Farms show success from improved grassland management

Published: 19 Jul 2012 13:000 comments

A group of 41 local farmers recently undertook a three-day CAFRE study tour to Dumfriesshire, Scotland. The group visited four farms and this report summarises the highlights of the visits on the tour.

Fermanagh farmers on their study trip ot Drumfriesshire.

Andrew Nelson of Cogarth, Parton, Castle Douglas runs a 200 hectare farm with 150 cows (including Angus x Friesian, ¾ Angus and Montbeliarde) and 530 Cheviot Mule ewes . He breeds his own replacements and sells calves as stores at one year old. Ewes are put to the Texel with all lambs sold off grass. The Spring calving herd recorded its last birth on May 31- a calving period of just eight weeks where 97% of cows calved and only two required assistance. Bulls had been with the spring calvers for nine weeks last summer. Charolais bulls are selected on the basis of their EBVs for 200 day and 400 day weight. Lambing occurs in March and April and vasectomised rams run with the ewes for two weeks before tupping begins to produce a tighter lambing period. Good grazing management was a feature on this farm and Andrew won the British Grassland Society National Grassland Management Competition in 2011.

Doug and Lorna Greenshields, South Mains, Sanquhar farm on a former 685 hectare Monitor Farm where 190 Stabiliser or Stabiliser cross cows produce forward stores or heifers and 600 Blackfaced and 700 Mule ewes produce fat lambs. Doug started using Stabiliser genetics in 2000 and likes their easy calving and hybrid vigour. Fertility performance is good with just six barren cows out of 150. The Greenshields are focused on maximising calf and lamb growth rates and production from grass and a rotational grazing system has been set up - first there were five grazing paddocks and then this was extended to seven. Additional water troughs were installed. Cattle graze swards down tightly to maintain leafiness and palatability and only move on to the next paddock once this has been achieved. By maintaining a good supply of quality grass Doug aims to achieve an average liveweight gain per day at grass of one kilogram.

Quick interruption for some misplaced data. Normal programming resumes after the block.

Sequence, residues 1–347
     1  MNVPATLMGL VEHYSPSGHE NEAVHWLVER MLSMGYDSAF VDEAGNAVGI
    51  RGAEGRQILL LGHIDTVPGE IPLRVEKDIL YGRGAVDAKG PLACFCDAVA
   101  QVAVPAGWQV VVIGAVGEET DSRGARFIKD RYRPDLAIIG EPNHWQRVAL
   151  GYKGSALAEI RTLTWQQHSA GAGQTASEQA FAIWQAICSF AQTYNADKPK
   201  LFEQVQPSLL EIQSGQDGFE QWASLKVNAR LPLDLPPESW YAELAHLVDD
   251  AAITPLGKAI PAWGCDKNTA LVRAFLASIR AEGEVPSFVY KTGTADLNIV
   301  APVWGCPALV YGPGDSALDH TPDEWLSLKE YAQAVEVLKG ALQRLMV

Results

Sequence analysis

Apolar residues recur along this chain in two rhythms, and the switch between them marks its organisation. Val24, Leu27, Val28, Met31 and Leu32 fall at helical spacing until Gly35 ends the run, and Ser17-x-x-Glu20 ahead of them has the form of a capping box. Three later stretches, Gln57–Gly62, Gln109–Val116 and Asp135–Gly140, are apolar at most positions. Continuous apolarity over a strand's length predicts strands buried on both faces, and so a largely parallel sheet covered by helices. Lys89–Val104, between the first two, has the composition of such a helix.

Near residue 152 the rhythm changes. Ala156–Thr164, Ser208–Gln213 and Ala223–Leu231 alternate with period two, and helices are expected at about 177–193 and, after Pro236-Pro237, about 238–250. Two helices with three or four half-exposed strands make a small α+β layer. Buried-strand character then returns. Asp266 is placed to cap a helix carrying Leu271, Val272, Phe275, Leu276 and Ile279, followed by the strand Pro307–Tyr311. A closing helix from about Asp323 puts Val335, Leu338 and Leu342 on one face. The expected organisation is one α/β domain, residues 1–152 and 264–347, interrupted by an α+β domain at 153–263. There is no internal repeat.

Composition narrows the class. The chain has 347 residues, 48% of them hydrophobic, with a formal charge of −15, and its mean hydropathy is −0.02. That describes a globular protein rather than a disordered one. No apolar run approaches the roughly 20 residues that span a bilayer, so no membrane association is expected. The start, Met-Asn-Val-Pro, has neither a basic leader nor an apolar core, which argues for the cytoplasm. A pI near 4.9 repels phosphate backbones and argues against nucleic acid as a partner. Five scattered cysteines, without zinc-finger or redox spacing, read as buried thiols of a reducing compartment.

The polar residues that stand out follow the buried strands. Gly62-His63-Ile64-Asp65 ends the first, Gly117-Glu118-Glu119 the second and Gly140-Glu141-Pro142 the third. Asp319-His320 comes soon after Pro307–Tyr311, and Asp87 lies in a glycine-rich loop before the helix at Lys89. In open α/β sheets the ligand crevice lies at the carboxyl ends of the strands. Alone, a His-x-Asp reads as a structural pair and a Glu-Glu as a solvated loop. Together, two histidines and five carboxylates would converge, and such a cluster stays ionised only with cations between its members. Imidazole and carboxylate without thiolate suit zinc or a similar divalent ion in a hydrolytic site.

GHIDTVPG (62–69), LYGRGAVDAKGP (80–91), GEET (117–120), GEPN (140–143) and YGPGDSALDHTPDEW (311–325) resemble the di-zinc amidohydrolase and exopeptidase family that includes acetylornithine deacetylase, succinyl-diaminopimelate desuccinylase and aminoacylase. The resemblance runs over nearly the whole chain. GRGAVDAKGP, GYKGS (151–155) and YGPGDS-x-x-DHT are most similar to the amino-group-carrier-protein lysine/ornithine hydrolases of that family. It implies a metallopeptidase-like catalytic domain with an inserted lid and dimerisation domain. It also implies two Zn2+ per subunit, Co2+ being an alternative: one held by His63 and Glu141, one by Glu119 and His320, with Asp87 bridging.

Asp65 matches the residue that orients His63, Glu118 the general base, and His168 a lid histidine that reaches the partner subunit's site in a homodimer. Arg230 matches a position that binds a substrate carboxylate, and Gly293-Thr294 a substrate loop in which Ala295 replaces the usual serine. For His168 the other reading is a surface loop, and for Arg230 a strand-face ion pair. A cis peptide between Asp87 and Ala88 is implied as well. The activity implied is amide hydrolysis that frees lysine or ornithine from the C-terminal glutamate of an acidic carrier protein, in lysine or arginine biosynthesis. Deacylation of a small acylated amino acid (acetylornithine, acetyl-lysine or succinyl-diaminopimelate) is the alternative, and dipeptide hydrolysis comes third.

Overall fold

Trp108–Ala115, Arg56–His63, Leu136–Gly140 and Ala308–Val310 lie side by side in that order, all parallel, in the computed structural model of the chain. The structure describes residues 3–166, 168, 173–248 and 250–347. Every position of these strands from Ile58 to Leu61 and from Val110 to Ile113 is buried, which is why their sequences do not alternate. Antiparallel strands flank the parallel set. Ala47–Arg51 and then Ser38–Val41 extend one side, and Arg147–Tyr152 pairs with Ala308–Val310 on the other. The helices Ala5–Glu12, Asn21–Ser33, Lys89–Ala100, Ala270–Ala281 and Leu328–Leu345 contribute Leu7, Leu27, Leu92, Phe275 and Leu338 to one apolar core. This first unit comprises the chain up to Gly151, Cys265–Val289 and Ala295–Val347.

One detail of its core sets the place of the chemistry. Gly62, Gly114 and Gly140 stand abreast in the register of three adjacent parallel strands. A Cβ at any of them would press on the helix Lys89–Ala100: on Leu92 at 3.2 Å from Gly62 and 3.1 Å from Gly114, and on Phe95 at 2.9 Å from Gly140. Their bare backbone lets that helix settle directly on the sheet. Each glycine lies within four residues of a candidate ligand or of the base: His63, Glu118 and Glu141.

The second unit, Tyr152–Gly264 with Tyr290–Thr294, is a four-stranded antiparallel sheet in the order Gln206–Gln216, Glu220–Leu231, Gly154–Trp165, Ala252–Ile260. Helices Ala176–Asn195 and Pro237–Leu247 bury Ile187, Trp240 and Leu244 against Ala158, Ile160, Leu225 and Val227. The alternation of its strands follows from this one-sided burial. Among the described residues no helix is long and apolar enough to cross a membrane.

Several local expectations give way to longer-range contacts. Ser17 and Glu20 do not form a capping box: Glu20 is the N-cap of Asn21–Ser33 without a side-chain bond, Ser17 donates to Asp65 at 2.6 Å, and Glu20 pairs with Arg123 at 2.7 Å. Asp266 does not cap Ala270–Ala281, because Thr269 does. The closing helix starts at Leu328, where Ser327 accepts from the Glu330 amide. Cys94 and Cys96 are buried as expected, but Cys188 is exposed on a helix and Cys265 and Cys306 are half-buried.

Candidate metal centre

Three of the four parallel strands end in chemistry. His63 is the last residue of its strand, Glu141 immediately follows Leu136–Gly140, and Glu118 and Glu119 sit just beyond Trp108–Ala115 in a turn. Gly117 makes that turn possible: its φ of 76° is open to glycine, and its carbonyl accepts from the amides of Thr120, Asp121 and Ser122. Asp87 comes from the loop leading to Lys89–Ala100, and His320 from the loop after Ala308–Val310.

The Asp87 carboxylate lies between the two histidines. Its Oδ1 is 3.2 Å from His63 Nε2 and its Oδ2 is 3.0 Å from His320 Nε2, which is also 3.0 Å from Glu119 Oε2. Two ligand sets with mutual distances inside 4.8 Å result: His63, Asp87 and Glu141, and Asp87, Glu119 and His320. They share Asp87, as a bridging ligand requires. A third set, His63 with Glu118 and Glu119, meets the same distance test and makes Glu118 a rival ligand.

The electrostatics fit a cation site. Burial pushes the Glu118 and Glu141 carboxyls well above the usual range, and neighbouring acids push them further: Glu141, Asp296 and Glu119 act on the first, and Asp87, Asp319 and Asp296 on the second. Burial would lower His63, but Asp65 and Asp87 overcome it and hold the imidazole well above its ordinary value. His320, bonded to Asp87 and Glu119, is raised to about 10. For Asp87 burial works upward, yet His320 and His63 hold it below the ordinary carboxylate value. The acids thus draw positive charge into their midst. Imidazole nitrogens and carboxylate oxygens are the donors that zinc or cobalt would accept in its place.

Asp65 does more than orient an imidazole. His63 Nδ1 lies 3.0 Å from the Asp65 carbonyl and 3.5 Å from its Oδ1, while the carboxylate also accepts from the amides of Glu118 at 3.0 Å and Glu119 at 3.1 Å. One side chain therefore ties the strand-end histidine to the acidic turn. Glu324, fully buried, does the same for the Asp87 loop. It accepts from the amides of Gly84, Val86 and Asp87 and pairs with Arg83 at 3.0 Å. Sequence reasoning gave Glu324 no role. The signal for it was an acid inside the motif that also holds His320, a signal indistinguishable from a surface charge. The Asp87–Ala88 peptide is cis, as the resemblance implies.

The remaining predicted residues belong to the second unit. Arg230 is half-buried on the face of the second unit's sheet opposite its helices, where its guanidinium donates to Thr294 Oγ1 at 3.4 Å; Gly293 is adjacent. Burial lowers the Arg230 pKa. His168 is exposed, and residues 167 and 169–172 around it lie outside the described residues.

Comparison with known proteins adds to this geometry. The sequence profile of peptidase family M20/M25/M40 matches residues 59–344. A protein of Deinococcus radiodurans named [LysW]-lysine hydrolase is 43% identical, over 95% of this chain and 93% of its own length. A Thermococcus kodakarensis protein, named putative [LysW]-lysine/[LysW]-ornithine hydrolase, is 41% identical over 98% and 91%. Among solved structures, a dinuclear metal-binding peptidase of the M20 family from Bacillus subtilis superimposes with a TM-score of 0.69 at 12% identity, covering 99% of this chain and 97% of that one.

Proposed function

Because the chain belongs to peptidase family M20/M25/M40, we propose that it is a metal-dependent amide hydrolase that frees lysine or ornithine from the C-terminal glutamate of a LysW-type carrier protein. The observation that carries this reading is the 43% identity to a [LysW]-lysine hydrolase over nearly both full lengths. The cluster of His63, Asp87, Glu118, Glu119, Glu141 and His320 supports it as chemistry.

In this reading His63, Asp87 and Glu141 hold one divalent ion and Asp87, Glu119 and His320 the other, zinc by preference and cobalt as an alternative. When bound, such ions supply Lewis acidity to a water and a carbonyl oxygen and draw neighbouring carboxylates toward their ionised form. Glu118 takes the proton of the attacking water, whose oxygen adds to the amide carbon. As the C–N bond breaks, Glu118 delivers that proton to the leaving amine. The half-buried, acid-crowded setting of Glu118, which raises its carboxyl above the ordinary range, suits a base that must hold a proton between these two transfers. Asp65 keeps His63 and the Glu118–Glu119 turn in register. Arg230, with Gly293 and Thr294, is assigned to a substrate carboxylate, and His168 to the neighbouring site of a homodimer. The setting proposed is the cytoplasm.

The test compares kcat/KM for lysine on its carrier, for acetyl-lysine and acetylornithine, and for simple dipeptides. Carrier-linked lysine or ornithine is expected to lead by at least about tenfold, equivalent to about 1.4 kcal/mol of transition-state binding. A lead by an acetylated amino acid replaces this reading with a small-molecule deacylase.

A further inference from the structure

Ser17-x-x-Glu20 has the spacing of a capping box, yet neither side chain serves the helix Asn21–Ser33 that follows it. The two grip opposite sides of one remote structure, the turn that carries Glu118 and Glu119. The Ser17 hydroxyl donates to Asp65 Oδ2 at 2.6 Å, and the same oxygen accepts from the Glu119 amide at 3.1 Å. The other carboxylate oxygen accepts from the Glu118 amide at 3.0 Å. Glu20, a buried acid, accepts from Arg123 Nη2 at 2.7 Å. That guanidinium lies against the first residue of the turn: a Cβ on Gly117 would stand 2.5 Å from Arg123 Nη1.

Andrew Hamilton, Marr Farm, Thornhill, is a tenant farmer who has rented this farm from the Duke of Buccleugh since 1987. He runs 140 suckler cows - 115 spring calving and 25 autumn calving. Cows are predominantly Angus or Limousin crosses from the dairy herd. Cows are bred to Charolais and Limousin bulls with EBVs which indicate a low incidence of calving difficulty. This year there has been no veterinary assisted calvings and only one cow turned out to be not in calf. With quality replacement breeding stock proving difficult to source Andrew decided to breed his own from Limousin bulls with good maternal traits.

The visit to Sam Carlisle, Nether Dargarvel, Dumfries was an interesting one for the group. Sam is a native of Templepatrick who relocated to Dumfries in 2002. In recent times Sam has reduced the number of suckler cows to 150 (from 300+) and increased the number of stores he purchases to finish. He aims to finish 2,000 head of beef in the current year. He uses potatoes, silage and forage maize in his finishing diets. Compact calving and good grassland management are important features of this farm. Seventy West of Ireland bulling heifers were purchased and served with an easy calving Simmental bull.

Farmers on the study tour were able to see examples where efficiency and farm output were being increased. The study tour was awarded funding from the Vaughan Trust and the group would like to express their thanks to the Trustees for their generous support.

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